More on the Monetization of E-Commerce Relationships
Thanks to our very good, very smart friend, Paul Helmick of Premier Strategies, for sending this article from "Mashable" - the social networking news site.
As a publicly traded company, SNAP Interactive (formerly eTwine Holdings), the company behind Facebook apps “Meet New People” and “Are You Interested?” is required to file their earnings every quarter with the SEC. Thus, we’re able to get a peek into how much money Facebook applications are actually generating.
SNAP reported $388,000 in revenue for their fourth quarter, which was up from $35,383 in the third. They attribute the growth to their applications: “Are You Interested” finished December with 5.2 million users, while “Meet New People” claims 350,000. Thus, it can be determined that each user was worth about 7 cents in revenue to SNAP in the quarter, or about 28 cents per year (388,000/5,500,000 * 4).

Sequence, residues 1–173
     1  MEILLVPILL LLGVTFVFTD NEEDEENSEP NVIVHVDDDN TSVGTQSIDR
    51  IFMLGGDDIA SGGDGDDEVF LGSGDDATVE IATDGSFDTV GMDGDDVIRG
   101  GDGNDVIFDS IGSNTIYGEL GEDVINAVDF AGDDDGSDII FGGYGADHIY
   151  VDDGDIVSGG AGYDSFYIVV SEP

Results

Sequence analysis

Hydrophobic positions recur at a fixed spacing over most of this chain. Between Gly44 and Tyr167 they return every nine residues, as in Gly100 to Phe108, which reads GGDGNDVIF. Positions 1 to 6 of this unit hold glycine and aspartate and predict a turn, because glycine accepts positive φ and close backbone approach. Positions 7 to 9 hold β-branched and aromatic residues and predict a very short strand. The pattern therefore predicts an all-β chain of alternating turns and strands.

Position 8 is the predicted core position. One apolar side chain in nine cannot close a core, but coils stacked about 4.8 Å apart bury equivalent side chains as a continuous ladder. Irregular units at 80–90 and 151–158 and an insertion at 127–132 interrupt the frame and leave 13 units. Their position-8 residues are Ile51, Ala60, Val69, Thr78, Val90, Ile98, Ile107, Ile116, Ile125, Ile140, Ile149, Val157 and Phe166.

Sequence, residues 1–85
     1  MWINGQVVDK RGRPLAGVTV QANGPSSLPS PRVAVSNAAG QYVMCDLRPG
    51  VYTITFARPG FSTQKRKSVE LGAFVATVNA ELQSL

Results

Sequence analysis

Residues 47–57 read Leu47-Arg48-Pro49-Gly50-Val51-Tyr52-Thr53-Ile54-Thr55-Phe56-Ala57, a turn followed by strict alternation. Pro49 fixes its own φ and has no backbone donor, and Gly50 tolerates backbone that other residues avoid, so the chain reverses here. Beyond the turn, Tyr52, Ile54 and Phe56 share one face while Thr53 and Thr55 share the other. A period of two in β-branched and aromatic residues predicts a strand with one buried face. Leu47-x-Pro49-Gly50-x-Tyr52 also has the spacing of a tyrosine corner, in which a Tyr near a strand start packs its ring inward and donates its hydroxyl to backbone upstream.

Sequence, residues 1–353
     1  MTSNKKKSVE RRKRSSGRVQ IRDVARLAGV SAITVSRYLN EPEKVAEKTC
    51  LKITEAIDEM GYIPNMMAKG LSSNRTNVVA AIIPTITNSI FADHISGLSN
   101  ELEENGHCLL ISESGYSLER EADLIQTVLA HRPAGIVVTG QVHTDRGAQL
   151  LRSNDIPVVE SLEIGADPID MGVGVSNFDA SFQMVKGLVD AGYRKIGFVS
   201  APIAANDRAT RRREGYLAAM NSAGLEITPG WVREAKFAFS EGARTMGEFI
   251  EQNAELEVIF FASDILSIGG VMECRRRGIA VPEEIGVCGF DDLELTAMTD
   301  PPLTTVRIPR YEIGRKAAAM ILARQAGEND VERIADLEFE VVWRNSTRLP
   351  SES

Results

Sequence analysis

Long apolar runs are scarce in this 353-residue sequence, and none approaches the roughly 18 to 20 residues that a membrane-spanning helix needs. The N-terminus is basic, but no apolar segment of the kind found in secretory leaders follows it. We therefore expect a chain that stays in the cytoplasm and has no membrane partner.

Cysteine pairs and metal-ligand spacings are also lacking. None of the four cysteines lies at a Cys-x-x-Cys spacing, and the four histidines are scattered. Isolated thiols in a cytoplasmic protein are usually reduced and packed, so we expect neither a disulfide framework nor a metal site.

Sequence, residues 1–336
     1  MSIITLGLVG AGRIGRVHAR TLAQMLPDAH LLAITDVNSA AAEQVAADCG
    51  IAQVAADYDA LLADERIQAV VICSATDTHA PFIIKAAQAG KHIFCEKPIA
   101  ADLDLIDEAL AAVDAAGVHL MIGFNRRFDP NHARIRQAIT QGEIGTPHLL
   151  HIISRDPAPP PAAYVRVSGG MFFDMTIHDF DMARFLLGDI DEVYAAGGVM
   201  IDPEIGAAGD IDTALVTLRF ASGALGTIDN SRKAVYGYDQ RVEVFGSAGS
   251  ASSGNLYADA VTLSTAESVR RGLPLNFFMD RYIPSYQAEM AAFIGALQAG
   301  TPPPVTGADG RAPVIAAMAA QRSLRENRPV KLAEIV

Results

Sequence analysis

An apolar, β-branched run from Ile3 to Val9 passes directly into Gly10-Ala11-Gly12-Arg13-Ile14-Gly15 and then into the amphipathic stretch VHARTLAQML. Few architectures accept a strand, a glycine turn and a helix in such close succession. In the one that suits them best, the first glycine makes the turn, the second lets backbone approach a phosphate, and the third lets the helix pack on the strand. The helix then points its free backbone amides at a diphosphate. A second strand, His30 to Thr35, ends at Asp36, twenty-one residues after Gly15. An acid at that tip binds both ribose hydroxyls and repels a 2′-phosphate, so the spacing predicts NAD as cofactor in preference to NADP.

As deals become more common in the Facebook application space, the question becomes how much is a user worth? As a publicly traded company, SNAP is sporting a market value of around $10 million. At its current pace, the company looks to pull in $1.5-$2 million in revenue this year, meaning its price-to-sales ratio is 5:1. If you assume a 5x price-to-sales ratio, that would mean each one of SNAP’s users is actually worth around $1.40 (each user pulls in $0.28/yr, if the company is valued at 5x sales, you arrive a $1.40 per user valuation).
As for SNAP Interactive’s stock (STVI.OB), shares are up more than 400% in the past 12 months. However, it’s important to note that the company is traded Over-the-Counter (OTC), which means it’s highly risky and speculative. Nonetheless, it’s an interesting company to watch, if for no other reason than it lets us see the actual financials of Facebook applications.
Considering recent deals in the Facebook application space reported in the low-seven figures for apps with a few million installs, $1.40 per user seems to be a reasonable approximation of what an app user is worth, at least for apps with an advertising-based revenue model.
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